Sprint Galaxy S5 won’t charge after port got wet – fixed
I’ve had a Sprint Samsung Galaxy S5 since around when it came out over a year ago. I didn’t bother with the warranty plan that would replace my phone for any reason. I’d never taken advantage of the plan when I did have it with previous phones, so figured it wasn’t worth the extra cost.
Now the Galaxy S5 is a waterproof phone. Unfortunately, there is a little rubber tab that covers the USB charging port on the bottom of the phone that protects that port, but the tab breaks for a lot of people, myself included. It lasted about 3-4 months but constant plugging and unplugging eventually leads to the rubber tab breaking. Also, it is a bit annoying to keep unplugging and pluggin in the tab. I did manage to buy a replacement tab online for a few dollars and it didn’t seem like it would be that hard to replace (a few screws but I never looked in depth) and I figured I didn’t really need to replace that USB port tab. I’ve never had a waterproof phone before, and I’d never had a phone get water damaged. I figured it was pretty unlikely that having the USB charging port exposed would cause any problems. Oops.
Fast forward another year, and I may regret those decisions. Where I work, I find that some patients get paranoid about seeing a phone camera pointed at them out of my dress shirt pocket when they see me, so I am in the habit of keeping the phone in my packet upside down. I didn’t drop my phone in the toilet, or drop it in the bath tub, or drop it in water at all. Instead, we had a very heavy downpour of rain and I didn’t think about it at all when I ran to my car about 50 feet away from the grocery store. I got soaked and my phone was in my dress shirt pocket, upside down as usual.
My phone continued to work fine and I didn’t realize there was anything wrong. I got home, and plug it in as I usually do in the evening, but the charge indicator did not go on. Hmm…. I of course figured it was a bad cable, as I’ve had a few cables go out over the years. I try a different cable that was currently charging another phone and that didn’t work either. Uh-oh. This is not looking good. I immediately take my phone apart and remove the battery, as I’ve read that is the best thing to do when facing water damage, but often it is too late by that time. I did see a little bit of water by the USB charging port on the inside of the case, but everything else looked dry. The moisture indicator on the battery was white, which means that no water got there.
I looked around online for solutions and saw a few suggestions. Most sites say that the setting it in rice for 48 hours doesn’t really work. Which I was happy to read because I didn’t want to be without my phone for 48 hours waiting to see if this would fix it. I guess that is stupid logic, as it would be better if I had a solution that would work rather than having to buy a new phone for some ridiculous price.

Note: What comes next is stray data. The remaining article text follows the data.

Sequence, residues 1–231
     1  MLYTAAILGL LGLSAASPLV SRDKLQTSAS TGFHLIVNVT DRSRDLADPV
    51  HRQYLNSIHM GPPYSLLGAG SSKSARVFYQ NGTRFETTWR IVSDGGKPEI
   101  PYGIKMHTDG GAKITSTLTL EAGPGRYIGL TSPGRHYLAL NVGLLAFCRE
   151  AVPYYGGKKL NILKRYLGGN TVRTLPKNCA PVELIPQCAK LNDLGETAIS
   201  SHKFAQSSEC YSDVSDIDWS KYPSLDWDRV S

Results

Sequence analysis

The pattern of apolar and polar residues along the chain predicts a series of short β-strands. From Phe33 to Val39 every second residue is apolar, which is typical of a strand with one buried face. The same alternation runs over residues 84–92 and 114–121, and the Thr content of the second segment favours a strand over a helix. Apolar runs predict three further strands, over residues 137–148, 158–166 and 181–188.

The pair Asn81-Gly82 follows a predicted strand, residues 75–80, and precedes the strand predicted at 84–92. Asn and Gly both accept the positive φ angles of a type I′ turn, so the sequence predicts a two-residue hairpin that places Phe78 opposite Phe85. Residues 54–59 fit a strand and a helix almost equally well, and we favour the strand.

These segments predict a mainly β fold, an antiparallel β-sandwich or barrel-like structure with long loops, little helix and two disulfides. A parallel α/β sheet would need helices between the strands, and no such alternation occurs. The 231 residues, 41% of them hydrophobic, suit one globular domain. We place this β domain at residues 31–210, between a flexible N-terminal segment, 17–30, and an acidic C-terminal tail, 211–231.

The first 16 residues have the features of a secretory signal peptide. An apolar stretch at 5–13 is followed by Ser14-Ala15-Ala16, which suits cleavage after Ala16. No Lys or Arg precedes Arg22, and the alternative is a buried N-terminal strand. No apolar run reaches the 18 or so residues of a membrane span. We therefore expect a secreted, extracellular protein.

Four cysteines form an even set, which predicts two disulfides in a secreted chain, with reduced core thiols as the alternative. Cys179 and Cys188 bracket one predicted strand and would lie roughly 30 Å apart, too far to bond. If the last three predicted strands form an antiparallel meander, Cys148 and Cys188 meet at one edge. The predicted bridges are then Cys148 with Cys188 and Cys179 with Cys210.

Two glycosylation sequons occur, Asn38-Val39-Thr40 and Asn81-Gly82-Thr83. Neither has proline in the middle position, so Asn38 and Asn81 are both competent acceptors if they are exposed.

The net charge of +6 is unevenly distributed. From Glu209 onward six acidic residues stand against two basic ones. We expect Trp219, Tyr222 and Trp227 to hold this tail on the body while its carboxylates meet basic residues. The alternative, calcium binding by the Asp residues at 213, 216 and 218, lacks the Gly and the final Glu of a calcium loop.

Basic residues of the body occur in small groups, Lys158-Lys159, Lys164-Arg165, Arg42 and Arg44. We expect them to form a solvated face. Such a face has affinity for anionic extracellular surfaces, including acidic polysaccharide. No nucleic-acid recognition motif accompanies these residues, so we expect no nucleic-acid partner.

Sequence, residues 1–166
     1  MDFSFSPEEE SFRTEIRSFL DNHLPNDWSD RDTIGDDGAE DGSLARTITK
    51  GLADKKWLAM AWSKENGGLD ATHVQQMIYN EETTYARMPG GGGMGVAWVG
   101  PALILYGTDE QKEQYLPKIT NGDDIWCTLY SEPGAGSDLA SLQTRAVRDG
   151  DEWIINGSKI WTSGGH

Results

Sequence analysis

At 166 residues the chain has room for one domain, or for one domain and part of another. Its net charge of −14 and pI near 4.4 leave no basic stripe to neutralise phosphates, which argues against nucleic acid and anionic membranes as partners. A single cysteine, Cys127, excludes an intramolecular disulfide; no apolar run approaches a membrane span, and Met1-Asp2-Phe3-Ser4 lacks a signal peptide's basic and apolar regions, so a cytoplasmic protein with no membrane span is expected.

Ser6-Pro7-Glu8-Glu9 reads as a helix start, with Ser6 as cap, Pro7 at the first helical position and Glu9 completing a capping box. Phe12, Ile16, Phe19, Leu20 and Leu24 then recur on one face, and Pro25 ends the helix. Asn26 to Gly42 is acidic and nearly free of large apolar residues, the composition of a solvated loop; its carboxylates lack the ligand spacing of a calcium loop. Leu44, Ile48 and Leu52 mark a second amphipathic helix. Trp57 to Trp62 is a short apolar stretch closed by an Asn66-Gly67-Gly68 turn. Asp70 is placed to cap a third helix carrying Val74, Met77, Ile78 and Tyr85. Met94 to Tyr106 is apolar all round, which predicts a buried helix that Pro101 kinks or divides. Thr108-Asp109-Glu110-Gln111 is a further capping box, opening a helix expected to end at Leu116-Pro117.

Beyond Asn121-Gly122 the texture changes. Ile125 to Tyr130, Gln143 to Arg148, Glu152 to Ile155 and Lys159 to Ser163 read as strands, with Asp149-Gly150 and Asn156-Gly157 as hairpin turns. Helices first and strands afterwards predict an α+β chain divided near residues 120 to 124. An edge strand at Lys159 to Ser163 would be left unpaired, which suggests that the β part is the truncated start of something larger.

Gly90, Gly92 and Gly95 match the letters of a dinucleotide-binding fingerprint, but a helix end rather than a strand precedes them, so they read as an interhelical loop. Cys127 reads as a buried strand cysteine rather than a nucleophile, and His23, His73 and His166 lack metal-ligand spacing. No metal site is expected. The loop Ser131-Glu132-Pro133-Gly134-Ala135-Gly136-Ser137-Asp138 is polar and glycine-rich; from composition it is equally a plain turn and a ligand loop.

Several places say cleaning the phone immediately with ispropyl alcohol is good because that will remove the water and keep it from damaging the phone. I almost tried that. But then I saw this video:
I have a large wet/dry vac that I’ve used to dry my flooded basement in the past and so I just hooked it up and suctioned the usb charging port, sealing my fingers around the openings to maximize the suction. I did it for about 15 seconds or so. When I went to plug my phone in, it actually showed it was now charging! I then turned off my phone completely and plugged in in. This time, my phone gave me the battery symbol but instead of it showing that it is charging, it showed the battery with a yellow triangle and exclamation point icon. Hmm – not good. Looking that up means the phone can not read the battery. I went ahead and vacuumed suctioned the phone for about 45 more seconds. The phone continued to power up fine, and when I plugged it in, the charging indicator went on as it should. This time, I didn’t shut off the phone to see what happens with the phone off, but instead I am leaving it plugged in to get the battery recharged, in case it won’t charge with the phone totally off.
I’ll have to post an update later once I’ve seen what happened. I probably should leave the phone unplugged and apart overnight to let it dry more, but I’m not that patient. And that is probably stupid on my part. Once I have the battery reasonably charged, I will turn things off and take the phone apart. Hopefully a good vacuuming out the water has solved the problem. Based on the comments from the above video, it does seem like this solution works for many people. It also seems to have at least as high of a success rate of any other methods I’ve read online.